With his sixth and seventh Oscar nominations under his belt for his work on Rob Marshall’s “Mary Poppins Returns” — a Best Song nomination for “The Place Where Lost Things Go,” shared with his long-time creative partner Scott Wittman, plus a solo nomination for Best Score — Shaiman could finally seal the deal. In 2003, he won both his first Grammy and first Tony for his and Wittman’s “Hairspray,” and he’s since been nominated again by both awards shows for other projects.

Shaiman’s path to Egot glory started somewhat inauspiciously, thanks
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‘The Kindness of Strangers’ Review: Great Performances Can’t Save Lone Scherfig’s Awkward Melodrama

  • Indiewire
‘The Kindness of Strangers’ Review: Great Performances Can’t Save Lone Scherfig’s Awkward Melodrama
New York can be an unforgiving city, even in the best of circumstances. Unfortunately for the awkward patchwork of characters who populate Lone Scherfig’s listless new melodrama, “The Kindness of Strangers” does not take place in the best of circumstances. Everyone in the film is lost and lonely in one way or another; everyone is either helpless or guilty; everyone is either about to hit bottom, or beginning to claw their way out of a hole that’s too deep to escape without some assistance. The young mother whose story provides the spine of this underdeveloped mosaic, is somehow all of those things at once.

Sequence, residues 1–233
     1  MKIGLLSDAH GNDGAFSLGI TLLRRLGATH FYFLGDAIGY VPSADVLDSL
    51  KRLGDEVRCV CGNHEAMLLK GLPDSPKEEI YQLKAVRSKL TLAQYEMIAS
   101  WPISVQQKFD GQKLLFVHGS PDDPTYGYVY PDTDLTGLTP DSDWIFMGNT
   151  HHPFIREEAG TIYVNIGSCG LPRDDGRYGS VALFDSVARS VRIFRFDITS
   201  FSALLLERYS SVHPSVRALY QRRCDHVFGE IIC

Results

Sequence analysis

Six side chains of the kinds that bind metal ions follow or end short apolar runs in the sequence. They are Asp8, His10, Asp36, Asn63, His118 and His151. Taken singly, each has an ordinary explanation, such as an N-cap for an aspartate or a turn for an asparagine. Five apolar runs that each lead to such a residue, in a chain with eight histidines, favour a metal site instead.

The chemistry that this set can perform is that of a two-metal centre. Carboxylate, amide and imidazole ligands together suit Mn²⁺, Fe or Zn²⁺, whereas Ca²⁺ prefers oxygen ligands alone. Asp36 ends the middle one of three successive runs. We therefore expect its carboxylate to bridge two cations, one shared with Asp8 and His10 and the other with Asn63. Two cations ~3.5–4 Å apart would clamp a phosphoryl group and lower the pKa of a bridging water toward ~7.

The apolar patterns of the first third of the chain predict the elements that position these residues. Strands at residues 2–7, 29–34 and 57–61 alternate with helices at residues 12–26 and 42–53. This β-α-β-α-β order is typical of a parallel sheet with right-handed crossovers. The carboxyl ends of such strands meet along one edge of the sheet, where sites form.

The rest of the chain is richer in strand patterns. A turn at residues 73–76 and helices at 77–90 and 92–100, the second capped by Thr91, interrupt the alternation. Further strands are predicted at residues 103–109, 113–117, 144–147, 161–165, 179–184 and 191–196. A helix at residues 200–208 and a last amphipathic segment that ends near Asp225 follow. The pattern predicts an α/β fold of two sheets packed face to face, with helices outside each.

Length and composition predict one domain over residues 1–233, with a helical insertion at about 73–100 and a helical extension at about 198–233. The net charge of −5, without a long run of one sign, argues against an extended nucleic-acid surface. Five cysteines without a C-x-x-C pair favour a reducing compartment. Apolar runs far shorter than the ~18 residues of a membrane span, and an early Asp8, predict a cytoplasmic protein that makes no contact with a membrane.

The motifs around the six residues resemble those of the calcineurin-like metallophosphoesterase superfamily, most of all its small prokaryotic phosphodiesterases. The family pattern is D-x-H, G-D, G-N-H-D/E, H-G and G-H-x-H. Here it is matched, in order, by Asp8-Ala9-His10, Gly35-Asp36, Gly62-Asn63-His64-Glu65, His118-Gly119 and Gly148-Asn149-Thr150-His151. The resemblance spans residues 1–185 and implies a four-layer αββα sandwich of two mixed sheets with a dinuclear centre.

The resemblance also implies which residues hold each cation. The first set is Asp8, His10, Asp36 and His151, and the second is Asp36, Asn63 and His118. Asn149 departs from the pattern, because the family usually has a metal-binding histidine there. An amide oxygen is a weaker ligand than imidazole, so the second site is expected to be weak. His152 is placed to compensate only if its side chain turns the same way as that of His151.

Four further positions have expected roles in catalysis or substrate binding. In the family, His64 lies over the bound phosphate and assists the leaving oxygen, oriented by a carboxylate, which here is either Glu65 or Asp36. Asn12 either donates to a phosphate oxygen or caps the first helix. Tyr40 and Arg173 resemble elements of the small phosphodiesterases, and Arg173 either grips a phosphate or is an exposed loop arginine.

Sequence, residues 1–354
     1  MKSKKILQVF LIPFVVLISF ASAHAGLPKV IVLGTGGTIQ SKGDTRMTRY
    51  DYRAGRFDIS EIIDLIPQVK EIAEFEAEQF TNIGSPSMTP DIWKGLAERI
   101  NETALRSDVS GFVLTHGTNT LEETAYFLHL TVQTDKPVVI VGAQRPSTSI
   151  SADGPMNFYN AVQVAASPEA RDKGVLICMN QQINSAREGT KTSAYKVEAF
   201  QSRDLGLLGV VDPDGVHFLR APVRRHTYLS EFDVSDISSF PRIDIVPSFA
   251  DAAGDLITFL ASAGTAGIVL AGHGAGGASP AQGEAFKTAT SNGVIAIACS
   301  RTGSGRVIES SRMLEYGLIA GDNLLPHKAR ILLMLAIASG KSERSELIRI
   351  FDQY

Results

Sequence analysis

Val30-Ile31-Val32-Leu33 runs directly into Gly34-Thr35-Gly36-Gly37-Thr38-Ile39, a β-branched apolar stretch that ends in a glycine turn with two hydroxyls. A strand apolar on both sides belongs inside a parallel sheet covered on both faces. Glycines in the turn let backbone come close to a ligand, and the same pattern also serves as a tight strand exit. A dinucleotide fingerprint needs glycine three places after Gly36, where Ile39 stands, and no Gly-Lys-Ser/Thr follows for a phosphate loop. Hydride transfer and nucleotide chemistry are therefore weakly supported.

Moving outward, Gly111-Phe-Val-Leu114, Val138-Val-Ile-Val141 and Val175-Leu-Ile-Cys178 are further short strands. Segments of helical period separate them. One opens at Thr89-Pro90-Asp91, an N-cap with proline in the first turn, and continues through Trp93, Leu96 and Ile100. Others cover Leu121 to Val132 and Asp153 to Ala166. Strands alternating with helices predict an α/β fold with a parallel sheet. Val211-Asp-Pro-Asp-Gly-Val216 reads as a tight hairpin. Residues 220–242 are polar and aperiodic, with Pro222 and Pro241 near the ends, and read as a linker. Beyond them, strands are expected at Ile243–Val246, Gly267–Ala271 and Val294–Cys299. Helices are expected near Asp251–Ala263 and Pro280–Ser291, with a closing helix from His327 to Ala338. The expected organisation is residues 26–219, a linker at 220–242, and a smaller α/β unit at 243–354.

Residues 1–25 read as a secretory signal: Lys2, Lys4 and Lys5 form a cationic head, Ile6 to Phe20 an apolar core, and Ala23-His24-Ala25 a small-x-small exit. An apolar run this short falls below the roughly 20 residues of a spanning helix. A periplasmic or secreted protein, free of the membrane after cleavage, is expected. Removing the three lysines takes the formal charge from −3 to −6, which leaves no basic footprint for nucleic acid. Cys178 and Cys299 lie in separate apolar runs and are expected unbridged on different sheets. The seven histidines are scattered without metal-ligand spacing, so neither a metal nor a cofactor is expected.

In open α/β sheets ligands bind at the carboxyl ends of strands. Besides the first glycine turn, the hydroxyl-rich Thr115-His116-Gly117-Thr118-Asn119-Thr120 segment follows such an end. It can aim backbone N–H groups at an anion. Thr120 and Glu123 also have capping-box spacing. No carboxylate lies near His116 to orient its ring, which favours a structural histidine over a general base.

Played by a tender and compellingly frayed Zoe Kazan, Clara opens the story in the pre-dawn hours by stealing her two young sons (Jack Fulton and Finlay Wojtak-Hissong) away from their Buffalo home, and from the abusive cop husband (Esben Smed as the demonic
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Musical Duo The Chainsmokers Say Upcoming Film Is “Woody Allen Meets ’10 Things I Hate About You'”

The Chainsmokers are the hit musical duo with songs like “Closer” and “Paris.” And if you’re a person of a certain age, aka under 25-years-old, you probably are familiar with the group, formed by Andrew Taggart and Alex Pall. Now, what you might not be aware of is that Taggart and Pall are teaming up with a screenwriter to bring the latter song, “Paris,” to the big screen as a film based on the hit song of two people meeting abroad.

Continue reading Musical Duo The Chainsmokers Say Upcoming Film Is “Woody Allen Meets ’10 Things I Hate About You'” at The Playlist.